(b. 1935), poet, essayist, editor of children's literature, photographer, educator, and figure in the Black Arts movement.
Born into urban poverty in Baltimore, Maryland, on 22 December 1935, Samuel James Cornish was the youngest of the two sons of Herman and Sarah Cornish. From his older brother Herman he learned early the lessons of the street, which he later would incorporate into a street-tough observancy in his poetry.
Cornish served in the U.S. Army Medical Corps (1958–1960), then returned to Baltimore, where he published two poetry collections—In This Corner: Sam Cornish and Verses (1961) and People Beneath the Window (1964). While working at the Enoch Pratt Free Library, he became part of Baltimore's political and literary underground, self-publishing a sixteen-page pamphlet entitled Generations and Other Poems (1964). A subsequent edition of Generations (1966) appeared when Cornish was editing Chicory, a literary magazine by children and young adults in the Community Action Target Area of Baltimore. Lucian W. Dixon and Cornish edited a selection from the magazine entitled Chicory: Young Voices from the Black Ghetto (1969). In 1968 Cornish won the Humanities Institute of Coppin State College Poetry Prize for his “influence on the Coppin poets” and a grant from the National Endowment for the Arts. Soon poets as diverse as Maxine Kumin, Clarence Major, and Eugene Redmond would acknowledge Cornish's significance.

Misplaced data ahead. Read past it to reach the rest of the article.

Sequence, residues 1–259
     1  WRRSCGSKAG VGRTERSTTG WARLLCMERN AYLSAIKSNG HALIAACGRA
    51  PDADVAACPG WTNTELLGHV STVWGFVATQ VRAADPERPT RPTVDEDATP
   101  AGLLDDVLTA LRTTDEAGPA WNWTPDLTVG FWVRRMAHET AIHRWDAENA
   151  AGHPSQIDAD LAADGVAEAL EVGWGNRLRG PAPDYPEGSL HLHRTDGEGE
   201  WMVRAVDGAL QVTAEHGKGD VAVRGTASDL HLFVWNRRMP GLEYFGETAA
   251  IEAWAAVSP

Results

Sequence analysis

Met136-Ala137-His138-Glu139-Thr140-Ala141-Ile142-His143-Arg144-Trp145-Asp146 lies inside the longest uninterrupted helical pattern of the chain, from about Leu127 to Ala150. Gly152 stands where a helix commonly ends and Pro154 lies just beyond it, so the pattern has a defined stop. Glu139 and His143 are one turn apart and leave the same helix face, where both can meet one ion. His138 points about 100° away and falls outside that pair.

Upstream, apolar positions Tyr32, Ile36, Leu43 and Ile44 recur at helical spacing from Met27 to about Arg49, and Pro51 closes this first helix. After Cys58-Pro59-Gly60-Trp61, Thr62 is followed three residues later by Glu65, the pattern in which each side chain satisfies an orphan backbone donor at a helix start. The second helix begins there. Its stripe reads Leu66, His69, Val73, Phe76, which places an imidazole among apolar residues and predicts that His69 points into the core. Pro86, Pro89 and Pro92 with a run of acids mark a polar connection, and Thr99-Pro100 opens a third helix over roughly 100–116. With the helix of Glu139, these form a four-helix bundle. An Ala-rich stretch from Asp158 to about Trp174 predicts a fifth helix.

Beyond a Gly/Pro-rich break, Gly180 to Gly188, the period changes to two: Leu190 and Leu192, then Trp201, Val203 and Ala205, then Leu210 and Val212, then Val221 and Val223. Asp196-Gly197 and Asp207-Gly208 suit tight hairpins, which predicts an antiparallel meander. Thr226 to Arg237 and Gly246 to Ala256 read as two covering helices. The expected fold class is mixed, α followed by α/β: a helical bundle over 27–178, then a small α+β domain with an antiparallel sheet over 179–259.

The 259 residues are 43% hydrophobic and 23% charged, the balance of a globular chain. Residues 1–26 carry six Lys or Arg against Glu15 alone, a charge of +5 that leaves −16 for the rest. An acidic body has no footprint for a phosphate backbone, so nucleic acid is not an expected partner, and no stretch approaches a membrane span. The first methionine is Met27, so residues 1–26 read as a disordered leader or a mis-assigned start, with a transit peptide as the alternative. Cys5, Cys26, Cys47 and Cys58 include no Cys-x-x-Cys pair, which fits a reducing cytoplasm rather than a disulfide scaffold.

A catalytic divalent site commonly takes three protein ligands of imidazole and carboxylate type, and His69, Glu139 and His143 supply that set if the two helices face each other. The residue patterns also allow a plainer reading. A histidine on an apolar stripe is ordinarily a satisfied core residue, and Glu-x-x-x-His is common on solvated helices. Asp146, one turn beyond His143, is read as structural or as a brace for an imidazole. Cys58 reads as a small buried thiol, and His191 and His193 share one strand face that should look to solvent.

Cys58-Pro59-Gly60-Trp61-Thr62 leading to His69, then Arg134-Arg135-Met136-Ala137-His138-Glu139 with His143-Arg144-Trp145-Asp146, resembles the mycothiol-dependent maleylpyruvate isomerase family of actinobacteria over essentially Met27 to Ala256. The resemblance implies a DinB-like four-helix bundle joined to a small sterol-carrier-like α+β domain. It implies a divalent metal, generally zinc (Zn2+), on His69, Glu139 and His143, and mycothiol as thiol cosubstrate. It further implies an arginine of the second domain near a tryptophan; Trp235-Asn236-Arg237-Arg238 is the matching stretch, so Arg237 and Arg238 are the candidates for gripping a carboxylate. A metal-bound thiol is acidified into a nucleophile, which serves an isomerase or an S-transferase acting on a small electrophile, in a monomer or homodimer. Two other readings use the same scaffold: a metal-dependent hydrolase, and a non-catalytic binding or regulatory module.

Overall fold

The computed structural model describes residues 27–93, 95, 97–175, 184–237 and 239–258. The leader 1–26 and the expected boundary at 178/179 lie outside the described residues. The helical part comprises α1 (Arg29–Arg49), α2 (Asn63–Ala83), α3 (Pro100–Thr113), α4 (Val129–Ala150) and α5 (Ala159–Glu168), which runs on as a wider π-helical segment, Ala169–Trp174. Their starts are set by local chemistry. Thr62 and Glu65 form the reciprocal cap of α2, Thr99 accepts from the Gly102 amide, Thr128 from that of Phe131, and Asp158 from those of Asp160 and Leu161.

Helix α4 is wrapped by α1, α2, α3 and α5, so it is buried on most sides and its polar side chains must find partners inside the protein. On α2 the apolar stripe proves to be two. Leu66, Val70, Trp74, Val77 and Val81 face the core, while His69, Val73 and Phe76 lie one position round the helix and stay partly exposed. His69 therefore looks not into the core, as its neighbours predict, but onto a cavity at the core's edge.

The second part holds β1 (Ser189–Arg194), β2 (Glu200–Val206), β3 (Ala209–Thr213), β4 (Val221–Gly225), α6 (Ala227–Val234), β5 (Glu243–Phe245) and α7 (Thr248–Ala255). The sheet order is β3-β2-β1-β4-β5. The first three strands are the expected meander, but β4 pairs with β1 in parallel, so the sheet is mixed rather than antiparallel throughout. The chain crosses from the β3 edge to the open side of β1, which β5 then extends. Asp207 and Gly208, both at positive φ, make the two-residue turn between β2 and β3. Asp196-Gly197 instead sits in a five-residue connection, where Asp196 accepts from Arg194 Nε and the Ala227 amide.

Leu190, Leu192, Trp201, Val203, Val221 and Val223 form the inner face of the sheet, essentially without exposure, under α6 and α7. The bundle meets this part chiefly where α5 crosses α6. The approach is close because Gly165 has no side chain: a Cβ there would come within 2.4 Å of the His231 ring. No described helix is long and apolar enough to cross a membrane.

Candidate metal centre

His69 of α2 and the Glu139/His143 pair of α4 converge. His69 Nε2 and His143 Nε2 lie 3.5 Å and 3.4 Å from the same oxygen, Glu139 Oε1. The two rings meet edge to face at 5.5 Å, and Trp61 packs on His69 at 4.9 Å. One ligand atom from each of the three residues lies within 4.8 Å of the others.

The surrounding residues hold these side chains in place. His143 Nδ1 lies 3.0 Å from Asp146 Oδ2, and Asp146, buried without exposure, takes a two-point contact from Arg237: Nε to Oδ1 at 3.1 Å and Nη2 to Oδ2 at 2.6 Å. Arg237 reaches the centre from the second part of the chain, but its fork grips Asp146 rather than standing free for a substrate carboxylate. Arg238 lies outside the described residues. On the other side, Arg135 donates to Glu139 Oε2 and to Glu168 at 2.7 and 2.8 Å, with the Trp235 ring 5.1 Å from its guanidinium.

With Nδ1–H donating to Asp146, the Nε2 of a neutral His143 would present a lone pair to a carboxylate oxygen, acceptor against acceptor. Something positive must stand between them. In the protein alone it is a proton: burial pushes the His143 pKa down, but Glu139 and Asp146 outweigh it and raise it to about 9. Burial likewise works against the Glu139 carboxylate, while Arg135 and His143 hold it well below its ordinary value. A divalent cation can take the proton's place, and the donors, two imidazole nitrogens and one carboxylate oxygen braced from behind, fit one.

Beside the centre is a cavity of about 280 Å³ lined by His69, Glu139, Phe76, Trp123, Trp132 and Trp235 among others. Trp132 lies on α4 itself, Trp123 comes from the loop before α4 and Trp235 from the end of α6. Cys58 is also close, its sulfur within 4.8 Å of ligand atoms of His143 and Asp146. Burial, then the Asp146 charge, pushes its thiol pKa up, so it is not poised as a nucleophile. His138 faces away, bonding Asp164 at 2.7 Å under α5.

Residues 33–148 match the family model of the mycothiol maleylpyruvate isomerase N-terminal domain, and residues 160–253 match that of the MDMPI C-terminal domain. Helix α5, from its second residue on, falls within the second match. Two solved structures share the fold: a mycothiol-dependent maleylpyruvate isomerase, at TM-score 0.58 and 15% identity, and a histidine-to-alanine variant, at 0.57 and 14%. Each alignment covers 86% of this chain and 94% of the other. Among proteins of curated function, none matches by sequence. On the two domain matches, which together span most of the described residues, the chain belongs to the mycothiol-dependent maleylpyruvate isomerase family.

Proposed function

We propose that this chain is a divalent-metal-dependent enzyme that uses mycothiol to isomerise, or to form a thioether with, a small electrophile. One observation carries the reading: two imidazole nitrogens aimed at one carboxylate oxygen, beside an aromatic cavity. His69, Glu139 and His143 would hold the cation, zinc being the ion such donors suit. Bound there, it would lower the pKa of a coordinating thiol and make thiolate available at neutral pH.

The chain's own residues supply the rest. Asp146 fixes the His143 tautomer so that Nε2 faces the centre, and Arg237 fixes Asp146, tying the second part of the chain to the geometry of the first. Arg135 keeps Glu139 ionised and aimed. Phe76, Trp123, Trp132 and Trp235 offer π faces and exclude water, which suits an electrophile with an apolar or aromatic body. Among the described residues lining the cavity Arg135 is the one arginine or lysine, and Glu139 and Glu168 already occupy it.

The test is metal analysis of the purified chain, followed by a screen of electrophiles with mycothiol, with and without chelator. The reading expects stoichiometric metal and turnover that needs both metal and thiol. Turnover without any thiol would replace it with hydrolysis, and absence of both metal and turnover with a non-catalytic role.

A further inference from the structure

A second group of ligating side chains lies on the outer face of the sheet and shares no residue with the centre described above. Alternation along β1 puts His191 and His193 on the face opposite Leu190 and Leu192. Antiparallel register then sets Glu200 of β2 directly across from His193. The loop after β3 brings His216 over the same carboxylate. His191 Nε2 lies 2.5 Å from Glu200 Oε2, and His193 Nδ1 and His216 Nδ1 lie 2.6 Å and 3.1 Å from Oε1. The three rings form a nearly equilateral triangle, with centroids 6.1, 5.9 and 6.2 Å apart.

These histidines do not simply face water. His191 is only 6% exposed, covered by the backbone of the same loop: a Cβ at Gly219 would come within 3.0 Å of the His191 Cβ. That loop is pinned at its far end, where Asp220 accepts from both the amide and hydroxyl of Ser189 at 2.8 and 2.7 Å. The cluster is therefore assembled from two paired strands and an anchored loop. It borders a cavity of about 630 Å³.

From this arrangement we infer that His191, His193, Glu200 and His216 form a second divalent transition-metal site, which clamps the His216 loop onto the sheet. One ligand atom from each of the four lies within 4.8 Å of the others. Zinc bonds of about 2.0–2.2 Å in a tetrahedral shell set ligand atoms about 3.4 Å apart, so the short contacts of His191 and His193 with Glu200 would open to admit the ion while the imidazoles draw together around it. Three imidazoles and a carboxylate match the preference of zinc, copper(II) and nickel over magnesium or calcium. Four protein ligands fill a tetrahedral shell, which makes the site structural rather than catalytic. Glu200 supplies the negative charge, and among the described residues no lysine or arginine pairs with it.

By 1970 Cornish was represented in the LeRoi Jones (Amiri Baraka) and Larry Neal anthology Black Fire (1968) as well as in the Clarence Major collection New Black Poetry (1969). He reconsidered his early poems of black historicized kinship, restructuring them into the Beacon Press's Generations (1971). After a brief stay in Boston, Cornish returned to Baltimore to work in secondary school and college writing programs. While there, Cornish published Sometimes (1973) with Cambridge's Pym-Randall Press. Teaching poetry in the schools led to several children's books: Your Hand in Mine (1970), Grandmother's Pictures (1974), and My Daddy's People (1976).
Returning to Boston in the mid-1970s, Cornish worked with the Educational Development Corporation and attended Goddard College in Vermont. He appeared in a host of new anthologies, from George Plimpton and Peter Ardery's American Literary Anthology (1970) and Harry Smith's Smith Poets (1971), to Ted Wilentz and Tom Weatherly's Natural Process (1972) and Arnold Adoff's One Hundred Years of Black Poetry (1972). Sam's World (1978) continued the historical and genealogical project of Generations.
Since the 1980s Cornish has divided his time between bookselling and teaching creative writing and literature at Emerson College in Boston. Songs of Jubilee: New and Selected Poems, 1969–1983 (1986) recasts earlier work into sequences of a historical and biographical nature. His autobiographical narrative, 1935: A Memoir (1990), blends poetry and prose into a montage of twentieth-century history. The poems of Folks Like Me (1993) offer political and cultural portraits of African Americans from the depression to the early 1960s. Current projects include the next volume of his autobiography, 1955, and a critical study of Langston Hughes.
Jon Woodson, “Sam Cornish,” in DLB, vol. 41, Afro-American Poets since 1955, eds. Trudier Harris and Thadious M. Davis, 1985, pp. 64–69.C. K. Doreski, “Kinship and History in Sam Cornish's Generations,” Contemporary Literature 33 (Winter 1992): 665–687.